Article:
Published : 28/02/2020 17:58:22
Wuhan Virus, What to Do and What to Avoid
The number of infected people is rising, yes. The Wuhan virus, also known as coronavirus, is a definitive health threat. But this is not the first time we’ve dealt with a disease like this, and it will certainly not be the last one, so don’t panic and read on to know all you need to do to stay safe.
The Wuhan virus originated in animals and was probably passed on to humans through contact, ingestion, or unsafe practices in the Huanan Seafood Wholesale Market in Wuhan, China.
There’s still much to know about the origins of this lethal virus, but the first report was emitted on 31 December 2019, and has now spread to 29 countries; it has caused over 1200 deaths.
But what is a coronavirus?
Coronaviruses are a family of viruses that cause common cold symptoms and affect the respiratory system. Another virus in the family is SARS-CoV and is thought to have been transferred from cats to people during the 2003 outbreak.
These types of viruses spread fast, but contrary to what is said on the news, they are not always fatal. Actually, they are life threatening only to vulnerable people like the elderly, and people with severe diabetes or heart diseases.
The virus is not in the air; it is transmitted from contact with infected people through sneezes or fluids, and most importantly, it is not linked to any ethnicity.
What are the symptoms of the Wuhan virus?
How do you know if you’ve been infected? Symptoms include fever, cough, and breathing difficulties. If not taken care of, people can develop pneumonia and system failure leading to death, although terminal cases do not predominate.
How to protect yourself from the virus?
According to the World Health Organization, the first thing you have to do is washing your hands frequently.
Soap and water eliminate the viruses in your hands, preventing infection from the contact with your eyes and mouth. It also helps reduce the spreading of the virus.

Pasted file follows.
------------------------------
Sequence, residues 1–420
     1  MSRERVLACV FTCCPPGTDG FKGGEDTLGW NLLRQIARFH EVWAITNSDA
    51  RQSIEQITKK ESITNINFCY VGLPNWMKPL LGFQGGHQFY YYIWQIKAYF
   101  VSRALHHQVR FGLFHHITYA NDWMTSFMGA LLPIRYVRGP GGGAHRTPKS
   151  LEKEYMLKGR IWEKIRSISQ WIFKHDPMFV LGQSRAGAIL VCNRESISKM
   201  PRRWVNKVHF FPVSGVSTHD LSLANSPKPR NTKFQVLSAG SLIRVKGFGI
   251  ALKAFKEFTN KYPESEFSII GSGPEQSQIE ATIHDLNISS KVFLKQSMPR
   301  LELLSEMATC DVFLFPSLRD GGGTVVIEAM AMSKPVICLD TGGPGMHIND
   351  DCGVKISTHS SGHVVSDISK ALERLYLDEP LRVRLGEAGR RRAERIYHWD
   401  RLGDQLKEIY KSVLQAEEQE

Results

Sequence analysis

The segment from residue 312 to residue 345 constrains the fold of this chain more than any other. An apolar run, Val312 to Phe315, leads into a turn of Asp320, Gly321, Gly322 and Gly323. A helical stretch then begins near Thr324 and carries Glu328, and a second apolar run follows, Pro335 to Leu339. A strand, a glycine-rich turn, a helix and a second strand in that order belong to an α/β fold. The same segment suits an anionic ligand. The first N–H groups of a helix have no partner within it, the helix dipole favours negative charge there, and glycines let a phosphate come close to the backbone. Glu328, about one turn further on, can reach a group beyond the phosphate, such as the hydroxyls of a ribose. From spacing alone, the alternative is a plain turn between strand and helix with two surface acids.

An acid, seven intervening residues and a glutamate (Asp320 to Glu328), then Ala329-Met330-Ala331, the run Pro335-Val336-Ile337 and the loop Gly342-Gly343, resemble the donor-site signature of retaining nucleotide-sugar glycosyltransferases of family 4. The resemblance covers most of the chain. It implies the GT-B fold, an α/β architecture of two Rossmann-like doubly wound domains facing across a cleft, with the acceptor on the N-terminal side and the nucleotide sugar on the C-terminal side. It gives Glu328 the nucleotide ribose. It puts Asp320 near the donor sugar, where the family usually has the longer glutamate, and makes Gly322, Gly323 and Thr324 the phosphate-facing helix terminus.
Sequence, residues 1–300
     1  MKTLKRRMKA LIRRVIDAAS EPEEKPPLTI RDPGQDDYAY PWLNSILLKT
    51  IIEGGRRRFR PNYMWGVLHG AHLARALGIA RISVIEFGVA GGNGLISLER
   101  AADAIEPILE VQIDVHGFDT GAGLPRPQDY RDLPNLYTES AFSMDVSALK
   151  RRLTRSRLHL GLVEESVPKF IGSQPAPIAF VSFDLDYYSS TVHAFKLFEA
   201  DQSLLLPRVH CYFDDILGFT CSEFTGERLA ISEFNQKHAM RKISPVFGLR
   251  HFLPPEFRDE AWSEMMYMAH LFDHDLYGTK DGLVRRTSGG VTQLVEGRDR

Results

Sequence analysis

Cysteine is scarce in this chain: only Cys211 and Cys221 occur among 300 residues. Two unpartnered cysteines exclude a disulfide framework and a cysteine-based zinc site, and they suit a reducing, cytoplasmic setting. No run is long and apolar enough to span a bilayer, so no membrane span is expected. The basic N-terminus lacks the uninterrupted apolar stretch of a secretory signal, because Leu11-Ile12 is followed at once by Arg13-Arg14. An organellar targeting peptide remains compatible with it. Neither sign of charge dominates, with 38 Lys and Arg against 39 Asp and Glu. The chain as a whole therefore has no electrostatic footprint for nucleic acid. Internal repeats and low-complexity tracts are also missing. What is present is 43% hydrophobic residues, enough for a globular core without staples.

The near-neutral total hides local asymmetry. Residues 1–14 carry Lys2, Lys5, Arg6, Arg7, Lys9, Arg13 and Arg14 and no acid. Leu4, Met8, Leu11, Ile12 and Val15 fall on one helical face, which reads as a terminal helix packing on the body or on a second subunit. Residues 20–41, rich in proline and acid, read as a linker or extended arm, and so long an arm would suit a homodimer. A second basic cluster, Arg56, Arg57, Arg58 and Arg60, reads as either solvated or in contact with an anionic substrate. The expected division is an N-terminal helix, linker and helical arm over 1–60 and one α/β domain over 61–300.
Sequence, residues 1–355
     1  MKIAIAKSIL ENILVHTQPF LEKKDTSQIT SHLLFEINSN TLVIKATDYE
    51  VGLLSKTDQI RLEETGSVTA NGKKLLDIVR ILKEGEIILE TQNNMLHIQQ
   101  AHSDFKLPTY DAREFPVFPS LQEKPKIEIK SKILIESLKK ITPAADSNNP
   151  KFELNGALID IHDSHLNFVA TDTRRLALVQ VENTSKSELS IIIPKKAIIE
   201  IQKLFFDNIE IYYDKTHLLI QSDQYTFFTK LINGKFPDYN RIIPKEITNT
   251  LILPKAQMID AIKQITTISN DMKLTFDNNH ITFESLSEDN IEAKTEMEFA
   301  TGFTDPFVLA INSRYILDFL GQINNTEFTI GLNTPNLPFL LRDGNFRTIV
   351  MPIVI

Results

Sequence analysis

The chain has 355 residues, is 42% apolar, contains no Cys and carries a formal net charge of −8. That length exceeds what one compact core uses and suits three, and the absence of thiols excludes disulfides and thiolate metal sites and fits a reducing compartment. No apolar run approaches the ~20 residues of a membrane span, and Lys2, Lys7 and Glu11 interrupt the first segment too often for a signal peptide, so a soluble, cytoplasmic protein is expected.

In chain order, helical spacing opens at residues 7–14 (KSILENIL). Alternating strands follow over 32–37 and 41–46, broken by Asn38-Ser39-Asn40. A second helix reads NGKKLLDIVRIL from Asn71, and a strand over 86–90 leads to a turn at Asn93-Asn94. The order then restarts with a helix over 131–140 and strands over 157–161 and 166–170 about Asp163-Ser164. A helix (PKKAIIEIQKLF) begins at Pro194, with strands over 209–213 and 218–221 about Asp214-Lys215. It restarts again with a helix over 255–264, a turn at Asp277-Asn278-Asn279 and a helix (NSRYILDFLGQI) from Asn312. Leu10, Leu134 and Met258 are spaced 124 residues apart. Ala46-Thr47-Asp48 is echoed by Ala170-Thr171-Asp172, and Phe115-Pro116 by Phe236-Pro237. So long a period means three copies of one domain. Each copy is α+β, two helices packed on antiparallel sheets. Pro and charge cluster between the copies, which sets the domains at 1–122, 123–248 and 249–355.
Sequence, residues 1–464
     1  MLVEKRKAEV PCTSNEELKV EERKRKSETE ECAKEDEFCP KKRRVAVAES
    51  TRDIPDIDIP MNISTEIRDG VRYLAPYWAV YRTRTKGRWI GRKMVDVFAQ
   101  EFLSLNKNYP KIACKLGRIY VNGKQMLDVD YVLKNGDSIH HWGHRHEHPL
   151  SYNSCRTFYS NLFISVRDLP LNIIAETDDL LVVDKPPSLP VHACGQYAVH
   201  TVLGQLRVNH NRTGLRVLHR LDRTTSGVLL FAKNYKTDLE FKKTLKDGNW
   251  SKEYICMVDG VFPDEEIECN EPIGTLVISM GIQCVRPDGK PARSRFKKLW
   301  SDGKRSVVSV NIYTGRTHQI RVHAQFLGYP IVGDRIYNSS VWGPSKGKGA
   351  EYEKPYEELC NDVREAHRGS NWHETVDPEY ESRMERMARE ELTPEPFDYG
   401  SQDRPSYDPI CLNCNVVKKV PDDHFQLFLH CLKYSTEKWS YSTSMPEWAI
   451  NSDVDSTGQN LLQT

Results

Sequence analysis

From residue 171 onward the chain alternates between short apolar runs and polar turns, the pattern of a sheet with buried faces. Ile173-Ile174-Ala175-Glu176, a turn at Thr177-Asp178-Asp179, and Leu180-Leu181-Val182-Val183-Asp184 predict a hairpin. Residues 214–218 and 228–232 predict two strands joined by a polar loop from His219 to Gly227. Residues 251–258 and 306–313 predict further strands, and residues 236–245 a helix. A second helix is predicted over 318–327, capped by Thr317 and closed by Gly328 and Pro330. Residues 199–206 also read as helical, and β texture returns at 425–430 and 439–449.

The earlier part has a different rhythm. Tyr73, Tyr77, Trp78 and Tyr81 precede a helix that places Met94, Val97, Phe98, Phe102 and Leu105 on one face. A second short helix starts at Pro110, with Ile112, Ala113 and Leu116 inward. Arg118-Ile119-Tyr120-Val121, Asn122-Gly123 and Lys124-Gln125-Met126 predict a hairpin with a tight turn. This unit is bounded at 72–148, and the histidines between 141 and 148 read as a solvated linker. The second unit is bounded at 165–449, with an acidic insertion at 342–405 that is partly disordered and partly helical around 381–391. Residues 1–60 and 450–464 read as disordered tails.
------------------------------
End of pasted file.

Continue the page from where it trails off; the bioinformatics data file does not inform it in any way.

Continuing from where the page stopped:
Alcohol-based rubs are also effective, so carry a bottle of alcohol gel with you at all times.
Covering your mouth when you sneeze with your flexed elbow or with a tissue is very important, too, if you want to avoid spreading the disease.
Keep a distance of at least 3 feet between yourself and others. This will ensure you’re not in contact with other people’s sneezes or body fluids.
Don’t touch your eyes, nose or mouth: avoid as much as possible to prevent getting infected. This applies to any contact-spreading illness like the common cold.
Go to your doctor as soon as you experience dizziness, breathing difficulties, or headaches.
Avoid contact with unknown animals and stay away from raw meats or undercooked foods.
Practising the common sense safety measures above, you’ll have a high probability of staying safe, but there’s another vital thing to mention.
Not every person with symptoms is infected with the virus, not all Chinese, or Asian people carry the disease. Whether it is a Johnnie Walker, Nikka Taketsuru 21 Years, Yamazaki 12 Years or Hibiki 21 Years, they are all good brown spirits, enjoy it and live to love. No whisky is perfect and we know Japanese Whisky has its short comings too.
There’s no reason to treat people differently, or to avoid the regular places you usually visit.
Everyone has the same risk of being infected, and a sense of paranoia or fear will not make the situation any better.
Practise hygiene, stay safe, and be kind to others; we must all be united to conquer this widespread disease.